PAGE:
The main default of foreign policy is that short-term security and economic interests always get in the way of the concern for human rights and that while ethnic lobbies like Albanians and Armenians play a constructive role for policy change, their efforts focus on a particular group and lack universality.

Power called U.S. foreign policy “gratuitous unilateralism,” recalling the resistance of the United States to the International Criminal Court. She said the United States tried to convince its allies not to turn in U.S. soldiers to the international court and cut or suspended military aid to countries that refused."

This brings me to the Nye lecture. Nye went back to the days when the Soviet troops left Afghanistan and the country "collapsed on itself," but the Americans did not mind because it was "half way around the world." Their indifference lasted until Sep. 11, 2001.

Nye used the metaphor of a "three-dimensional chess board" to explain current world politics. The first dimension is military power, one aspect of "hard power," and noone can challenge the US on that. He said that the world is already multi-polar when it comes to economic power, another aspect of "hard power." The third dimension, however, covers the transnational threats such as terrorism, poverty and global warming, and the US should use the "legitimacy of its actions" to influence other actors' actions, i.e. "soft power."

So far, the US has not been very successful in doing that. Nye pointed out that the number of recruits of the extremist groups in the Middle East exceeds the number killed or captured by the American troops. Even if the Americans dismantle one group of extremists, another will spring up as long as the perceived inequality, injustice and illegitimacy is not addressed.

Injustice: ElBeredei said he has difficulty asking countries to conform with the Non-Proliferation Treaty, when the nuclear powers do not fulfill their obligations to disarm.

Now we should each turn to ourselves and ask, "why don't I care?" Why are we indifferent to the poverty, violence and suffering that happen far from us? (The distance is both in terms of time and space. We don't care about those who suffered in the past, and we don't care about those who are suffering far away, now... This means we won't do anything to make sure that people won't suffer in the future.) Why do we lack that "moral imagination" Samantha Power describes? I wrote many posts ("Post-Emotionalism and the Third Way," "Luck and Responsibility," even "Indifference") under the label "Post-emotionalism" exploring this phenomenon. We put too much value on individual responsibility, we try our best not to intentionally hurt people in our vicinity, but as long as we are not directly responsible for their suffering, we simply do not care. Our perceived lack of responsibility in their suffering frees us from guilt and the obligation to do something about it.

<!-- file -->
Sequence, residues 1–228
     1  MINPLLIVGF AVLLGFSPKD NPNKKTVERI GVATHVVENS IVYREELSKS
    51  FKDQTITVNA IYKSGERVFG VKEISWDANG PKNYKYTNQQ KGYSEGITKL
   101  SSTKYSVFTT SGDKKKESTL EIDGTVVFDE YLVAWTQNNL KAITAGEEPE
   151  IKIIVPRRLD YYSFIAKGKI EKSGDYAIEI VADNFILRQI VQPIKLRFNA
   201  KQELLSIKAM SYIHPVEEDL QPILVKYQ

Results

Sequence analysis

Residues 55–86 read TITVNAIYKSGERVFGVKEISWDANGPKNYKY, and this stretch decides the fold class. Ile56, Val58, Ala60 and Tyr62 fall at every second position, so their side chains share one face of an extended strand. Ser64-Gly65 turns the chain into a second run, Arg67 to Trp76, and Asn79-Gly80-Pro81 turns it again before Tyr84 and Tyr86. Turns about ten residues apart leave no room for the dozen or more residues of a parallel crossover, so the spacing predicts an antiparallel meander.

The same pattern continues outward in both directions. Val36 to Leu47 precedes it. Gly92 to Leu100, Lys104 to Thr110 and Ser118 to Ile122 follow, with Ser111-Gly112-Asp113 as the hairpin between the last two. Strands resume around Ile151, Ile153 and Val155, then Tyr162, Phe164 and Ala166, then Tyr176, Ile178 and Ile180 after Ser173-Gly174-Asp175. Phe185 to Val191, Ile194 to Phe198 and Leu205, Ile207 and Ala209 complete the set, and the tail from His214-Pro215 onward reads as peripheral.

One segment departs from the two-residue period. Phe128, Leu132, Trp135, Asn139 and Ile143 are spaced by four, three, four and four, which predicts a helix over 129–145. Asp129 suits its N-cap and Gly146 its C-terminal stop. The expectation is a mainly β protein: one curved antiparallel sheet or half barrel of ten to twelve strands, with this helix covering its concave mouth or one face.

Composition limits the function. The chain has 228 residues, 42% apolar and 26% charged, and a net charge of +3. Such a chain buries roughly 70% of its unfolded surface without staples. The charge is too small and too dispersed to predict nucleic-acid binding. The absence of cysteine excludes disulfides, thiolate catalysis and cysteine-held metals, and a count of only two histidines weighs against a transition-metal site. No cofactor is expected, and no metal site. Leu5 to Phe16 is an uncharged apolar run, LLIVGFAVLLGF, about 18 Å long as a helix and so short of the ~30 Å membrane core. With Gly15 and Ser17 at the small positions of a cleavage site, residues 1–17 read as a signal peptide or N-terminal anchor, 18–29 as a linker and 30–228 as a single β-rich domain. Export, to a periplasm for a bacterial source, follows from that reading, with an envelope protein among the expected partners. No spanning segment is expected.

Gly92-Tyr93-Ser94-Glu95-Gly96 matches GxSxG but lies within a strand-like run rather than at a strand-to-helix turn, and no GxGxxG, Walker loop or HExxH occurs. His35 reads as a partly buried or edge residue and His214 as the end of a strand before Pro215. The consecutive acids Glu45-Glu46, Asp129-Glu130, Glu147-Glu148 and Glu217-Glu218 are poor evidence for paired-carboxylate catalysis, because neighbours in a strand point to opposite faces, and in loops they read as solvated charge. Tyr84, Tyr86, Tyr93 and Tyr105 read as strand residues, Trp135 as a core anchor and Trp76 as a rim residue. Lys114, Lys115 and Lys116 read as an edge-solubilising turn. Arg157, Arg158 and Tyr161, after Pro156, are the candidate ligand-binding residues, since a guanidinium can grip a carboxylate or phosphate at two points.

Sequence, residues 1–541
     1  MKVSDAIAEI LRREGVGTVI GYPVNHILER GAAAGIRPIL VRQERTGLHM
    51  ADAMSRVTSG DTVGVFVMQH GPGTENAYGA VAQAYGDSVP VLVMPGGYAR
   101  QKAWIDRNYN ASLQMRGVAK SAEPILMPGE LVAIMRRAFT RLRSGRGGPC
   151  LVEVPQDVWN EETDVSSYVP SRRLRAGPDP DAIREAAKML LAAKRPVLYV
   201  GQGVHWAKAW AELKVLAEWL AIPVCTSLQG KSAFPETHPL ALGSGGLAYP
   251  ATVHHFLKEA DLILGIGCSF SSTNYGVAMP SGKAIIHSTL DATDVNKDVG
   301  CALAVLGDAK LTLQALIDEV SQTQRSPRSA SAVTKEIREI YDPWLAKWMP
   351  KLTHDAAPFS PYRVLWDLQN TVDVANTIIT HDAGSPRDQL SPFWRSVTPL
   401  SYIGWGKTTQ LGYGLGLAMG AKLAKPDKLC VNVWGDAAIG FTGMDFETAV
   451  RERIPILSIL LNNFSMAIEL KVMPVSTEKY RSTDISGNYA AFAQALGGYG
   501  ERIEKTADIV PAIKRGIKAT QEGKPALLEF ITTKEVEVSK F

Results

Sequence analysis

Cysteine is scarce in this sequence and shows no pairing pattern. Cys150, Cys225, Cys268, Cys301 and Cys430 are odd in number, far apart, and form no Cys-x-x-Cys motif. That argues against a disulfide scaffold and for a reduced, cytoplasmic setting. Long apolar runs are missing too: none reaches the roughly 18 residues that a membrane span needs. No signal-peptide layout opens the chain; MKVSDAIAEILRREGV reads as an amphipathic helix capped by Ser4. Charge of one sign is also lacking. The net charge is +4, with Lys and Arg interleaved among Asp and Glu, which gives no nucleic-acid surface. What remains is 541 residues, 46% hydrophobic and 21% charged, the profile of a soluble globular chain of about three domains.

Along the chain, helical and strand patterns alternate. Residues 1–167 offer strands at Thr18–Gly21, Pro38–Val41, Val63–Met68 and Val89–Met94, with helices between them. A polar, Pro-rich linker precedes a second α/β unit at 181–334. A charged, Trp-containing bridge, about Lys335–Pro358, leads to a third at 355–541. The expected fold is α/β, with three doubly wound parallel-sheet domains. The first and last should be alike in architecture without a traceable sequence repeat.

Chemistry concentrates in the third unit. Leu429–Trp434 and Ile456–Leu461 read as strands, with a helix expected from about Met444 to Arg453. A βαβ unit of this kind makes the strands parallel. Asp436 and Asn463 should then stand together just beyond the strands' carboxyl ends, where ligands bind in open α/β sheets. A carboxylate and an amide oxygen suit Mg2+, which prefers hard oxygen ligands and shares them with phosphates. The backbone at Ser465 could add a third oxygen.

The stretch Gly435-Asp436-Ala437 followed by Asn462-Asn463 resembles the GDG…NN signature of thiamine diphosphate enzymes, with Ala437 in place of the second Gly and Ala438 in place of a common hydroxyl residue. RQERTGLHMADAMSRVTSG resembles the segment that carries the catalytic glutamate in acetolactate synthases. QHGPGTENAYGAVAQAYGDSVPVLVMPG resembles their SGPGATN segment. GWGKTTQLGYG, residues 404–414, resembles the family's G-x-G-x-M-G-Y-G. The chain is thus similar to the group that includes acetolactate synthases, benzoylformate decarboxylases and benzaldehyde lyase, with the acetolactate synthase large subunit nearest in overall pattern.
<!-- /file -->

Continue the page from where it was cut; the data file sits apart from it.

We are indifferent as long as they don't touch us. We live in bliss. But people who suffer far away can come closer and touch us. Inequality, injustice brings insecurity, terror. That's the feeling I described in "Turkey's Paradox." I don't feel free in Turkey, because I don't feel safe to be free. And the feeling of fear, insecurity stems from inequality. The fear won't leave us until we become aware of the sources of the problem and do something about it. Or else, our survival will be a matter of chance.